If you only read the newspaper headlines the last two days, you would think the sky is falling because a few Democrats in coal states said they opposed carbon pollution standards.
But like Paul Harvey used to say, here’s the rest of the story.
Leaders from across the nation have heralded the Environmental Protection Agency’s proposed limits on carbon pollution from power plants. Lawmakers, business executives, doctors, Latino organizations, and environmental groups welcome this breakthrough in the effort to protect public health and fight climate change.
More typical responses included Senator Mark Udall (D-CO) who said he supports the EPA’s carbon limits because “climate change is threatening Colorado’s special way of life.” And previously Representative Gary Peters (D-MI), challenged his opponent Terri Lynn Land for failing to recognize how climate change is threatening the Great Lakes.
It was only a small group of Democratic candidates for Congress who didn’t get the memo. Sadly, those few outweighed the many in the news coverage.
For example, Representative Nick Rahall (D-WV) called the safeguards “disastrous.” And Alison Lundergan Grimes, running for Senate against Senate Minority Leader Mitch McConnell said, “When I am in the U.S. Senate, I will fiercely oppose the President’s attack on Kentucky’s coal industry because protecting our jobs will be my number one priority.”
But this midterm election was never about West Virginia and Kentucky. These Democrats were never on the side of President Obama’s climate action plan. And these states will not make or break the ultimate control of the Senate next year. The swing states where control will be decided, like New Hampshire, Michigan, Iowa and Colorado, have Democratic candidates who support reducing carbon pollution.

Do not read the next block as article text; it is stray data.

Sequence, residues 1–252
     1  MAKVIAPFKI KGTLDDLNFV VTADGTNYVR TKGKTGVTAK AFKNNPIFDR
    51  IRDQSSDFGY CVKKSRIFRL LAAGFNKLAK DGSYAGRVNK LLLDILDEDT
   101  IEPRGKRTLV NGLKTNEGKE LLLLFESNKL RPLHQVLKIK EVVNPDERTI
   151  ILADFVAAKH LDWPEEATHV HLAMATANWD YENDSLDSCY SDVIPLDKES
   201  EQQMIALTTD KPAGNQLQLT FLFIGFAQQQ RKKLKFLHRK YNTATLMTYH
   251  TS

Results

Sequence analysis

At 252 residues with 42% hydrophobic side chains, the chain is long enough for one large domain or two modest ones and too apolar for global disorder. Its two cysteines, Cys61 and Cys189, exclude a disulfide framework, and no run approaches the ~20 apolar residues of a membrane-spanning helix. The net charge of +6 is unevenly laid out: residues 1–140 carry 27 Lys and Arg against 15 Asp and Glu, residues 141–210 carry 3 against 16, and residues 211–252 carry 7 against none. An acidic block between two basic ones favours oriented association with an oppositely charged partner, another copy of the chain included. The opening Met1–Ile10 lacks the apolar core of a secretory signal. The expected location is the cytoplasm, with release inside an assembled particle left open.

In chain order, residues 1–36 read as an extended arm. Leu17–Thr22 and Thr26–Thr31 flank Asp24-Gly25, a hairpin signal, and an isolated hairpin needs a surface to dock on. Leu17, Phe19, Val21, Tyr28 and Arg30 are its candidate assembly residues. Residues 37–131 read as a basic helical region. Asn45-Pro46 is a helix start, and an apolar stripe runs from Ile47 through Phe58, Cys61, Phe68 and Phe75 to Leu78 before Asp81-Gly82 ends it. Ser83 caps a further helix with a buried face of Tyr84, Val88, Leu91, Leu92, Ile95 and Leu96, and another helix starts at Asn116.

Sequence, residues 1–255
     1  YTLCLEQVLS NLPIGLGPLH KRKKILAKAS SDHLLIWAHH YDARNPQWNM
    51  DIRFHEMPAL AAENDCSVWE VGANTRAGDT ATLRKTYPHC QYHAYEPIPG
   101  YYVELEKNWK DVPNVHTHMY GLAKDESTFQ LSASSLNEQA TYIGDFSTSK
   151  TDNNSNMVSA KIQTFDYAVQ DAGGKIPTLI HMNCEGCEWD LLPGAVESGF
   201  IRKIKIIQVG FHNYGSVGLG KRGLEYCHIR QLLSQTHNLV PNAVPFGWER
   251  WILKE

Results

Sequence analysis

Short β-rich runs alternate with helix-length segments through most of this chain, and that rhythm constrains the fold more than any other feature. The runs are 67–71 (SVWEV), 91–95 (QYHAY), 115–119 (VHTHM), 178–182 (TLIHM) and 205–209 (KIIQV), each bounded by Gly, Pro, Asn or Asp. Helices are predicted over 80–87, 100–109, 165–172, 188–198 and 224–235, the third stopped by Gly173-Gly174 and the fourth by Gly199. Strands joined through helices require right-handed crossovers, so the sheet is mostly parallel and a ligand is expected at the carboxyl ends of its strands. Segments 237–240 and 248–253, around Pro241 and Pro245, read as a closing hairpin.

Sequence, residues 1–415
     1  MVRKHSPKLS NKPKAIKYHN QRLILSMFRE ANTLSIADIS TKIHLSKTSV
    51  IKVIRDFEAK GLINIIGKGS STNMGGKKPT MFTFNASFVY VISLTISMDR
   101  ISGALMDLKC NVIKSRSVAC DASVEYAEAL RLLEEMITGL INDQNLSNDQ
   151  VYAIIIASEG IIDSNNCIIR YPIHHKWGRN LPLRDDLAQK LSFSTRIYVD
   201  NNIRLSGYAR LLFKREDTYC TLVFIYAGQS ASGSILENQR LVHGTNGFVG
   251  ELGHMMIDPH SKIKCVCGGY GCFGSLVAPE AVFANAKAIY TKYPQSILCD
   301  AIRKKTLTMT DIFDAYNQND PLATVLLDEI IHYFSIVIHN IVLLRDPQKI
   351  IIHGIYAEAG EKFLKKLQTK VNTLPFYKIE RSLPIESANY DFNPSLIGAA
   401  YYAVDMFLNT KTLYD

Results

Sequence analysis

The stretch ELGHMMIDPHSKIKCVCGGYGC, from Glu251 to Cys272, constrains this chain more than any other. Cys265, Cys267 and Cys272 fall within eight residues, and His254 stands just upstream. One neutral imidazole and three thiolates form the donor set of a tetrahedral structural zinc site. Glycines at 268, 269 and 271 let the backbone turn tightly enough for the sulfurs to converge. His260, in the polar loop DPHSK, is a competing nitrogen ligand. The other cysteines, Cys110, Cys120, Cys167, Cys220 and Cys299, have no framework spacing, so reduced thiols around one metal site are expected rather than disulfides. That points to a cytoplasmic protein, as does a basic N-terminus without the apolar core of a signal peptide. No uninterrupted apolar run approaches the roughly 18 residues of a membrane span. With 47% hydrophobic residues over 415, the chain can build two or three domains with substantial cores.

Ultimately candidates who run away from public health and climate protections will find themselves isolated from their own voters. And it will make the Senate more vulnerable to Republican takeover.
Clean air and climate champions have the advantage now.
More than two-thirds of voters in 11 battleground states say the EPA should limit carbon pollution from power plants, according to a March poll done by Harstad Strategic Research for the NRDC Action Fund.
This week yet another poll confirmed the depth of support. A Washington Post-ABC News survey found that 70 percent of Americans want the federal government to limit climate change pollution from power plants, including 57 percent of Republicans, 76 percent of Independents, and 79 percent of Democrats. The poll asked voters if they would support carbon limits even if electricity costs rise—NRDC analysis shows people’s monthly bills will likely go down—and 51 percent of Republicans, 64 percent of Independents, and 71 percent of Democrats said yes.
This majority support held firm even in coal-heavy states, and yet some Democrats running in these places are still trying to distance themselves from carbon limits. Perhaps they think the coal industry will miraculously embrace them. Or at least stop spending millions of dollars to attack them. But the truth is: the coal industry will never anoint them. The industry has long-since picked its pet candidates, and it won’t switch affections just because someone says a few coal-friendly comments on carbon limits.
Some candidates have noticed the ground shifted in the past few years. Opponents will continue to make the claim that climate action spells trouble at the ballot box. But as extreme weather began destroying people’s homes and livelihoods, voters started to care about climate change.
In 2008, young voters people helped carry President Obama to victory, in part because of his commitment to tackling the climate crisis. In 2012, the Koch brothers and their allies spent more than $270 million in TV ads in the last two months of the campaign alone, yet clean energy and climate candidates won up and down the ticket. The Koch brothers had a 5 percent win rate last cycle, while the environmental community had an almost 100 percent win rate. For an industry highly focused on its return on investment, they don’t have much to show their investors when it comes to the electoral politics of climate change. The big money is not always the smarter money.
This kind of support for climate action can help Democrats carve a path to victory and a Senate majority. But candidates who speak for the coal industry may find themselves on a lonely road.